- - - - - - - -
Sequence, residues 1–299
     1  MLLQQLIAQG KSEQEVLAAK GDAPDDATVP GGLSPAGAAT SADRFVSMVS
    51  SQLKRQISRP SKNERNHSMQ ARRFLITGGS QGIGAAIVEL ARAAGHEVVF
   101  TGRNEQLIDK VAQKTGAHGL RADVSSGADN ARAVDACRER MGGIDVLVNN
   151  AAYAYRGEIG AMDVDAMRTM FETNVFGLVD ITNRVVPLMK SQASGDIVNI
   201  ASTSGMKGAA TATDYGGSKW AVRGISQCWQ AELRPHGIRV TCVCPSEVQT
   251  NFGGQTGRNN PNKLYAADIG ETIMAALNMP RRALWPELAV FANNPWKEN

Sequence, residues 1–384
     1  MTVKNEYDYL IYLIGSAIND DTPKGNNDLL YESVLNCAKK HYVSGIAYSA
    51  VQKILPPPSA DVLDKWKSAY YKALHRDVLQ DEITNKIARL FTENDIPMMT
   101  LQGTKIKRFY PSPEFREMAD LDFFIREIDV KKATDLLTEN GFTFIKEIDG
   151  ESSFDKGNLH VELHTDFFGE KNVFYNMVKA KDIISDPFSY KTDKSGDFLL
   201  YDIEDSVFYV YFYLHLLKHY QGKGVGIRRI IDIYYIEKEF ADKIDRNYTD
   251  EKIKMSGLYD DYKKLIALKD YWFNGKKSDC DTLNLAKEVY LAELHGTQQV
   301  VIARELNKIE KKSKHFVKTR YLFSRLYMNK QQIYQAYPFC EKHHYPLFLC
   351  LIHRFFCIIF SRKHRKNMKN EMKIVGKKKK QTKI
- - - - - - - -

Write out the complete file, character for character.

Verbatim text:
Sequence, residues 1–299
     1  MLLQQLIAQG KSEQEVLAAK GDAPDDATVP GGLSPAGAAT SADRFVSMVS
    51  SQLKRQISRP SKNERNHSMQ ARRFLITGGS QGIGAAIVEL ARAAGHEVVF
   101  TGRNEQLIDK VAQKTGAHGL RADVSSGADN ARAVDACRER MGGIDVLVNN
   151  AAYAYRGEIG AMDVDAMRTM FETNVFGLVD ITNRVVPLMK SQASGDIVNI
   201  ASTSGMKGAA TATDYGGSKW AVRGISQCWQ AELRPHGIRV TCVCPSEVQT
   251  NFGGQTGRNN PNKLYAADIG ETIMAALNMP RRALWPELAV FANNPWKEN

Sequence, residues 1–384
     1  MTVKNEYDYL IYLIGSAIND DTPKGNNDLL YESVLNCAKK HYVSGIAYSA
    51  VQKILPPPSA DVLDKWKSAY YKALHRDVLQ DEITNKIARL FTENDIPMMT
   101  LQGTKIKRFY PSPEFREMAD LDFFIREIDV KKATDLLTEN GFTFIKEIDG
   151  ESSFDKGNLH VELHTDFFGE KNVFYNMVKA KDIISDPFSY KTDKSGDFLL
   201  YDIEDSVFYV YFYLHLLKHY QGKGVGIRRI IDIYYIEKEF ADKIDRNYTD
   251  EKIKMSGLYD DYKKLIALKD YWFNGKKSDC DTLNLAKEVY LAELHGTQQV
   301  VIARELNKIE KKSKHFVKTR YLFSRLYMNK QQIYQAYPFC EKHHYPLFLC
   351  LIHRFFCIIF SRKHRKNMKN EMKIVGKKKK QTKI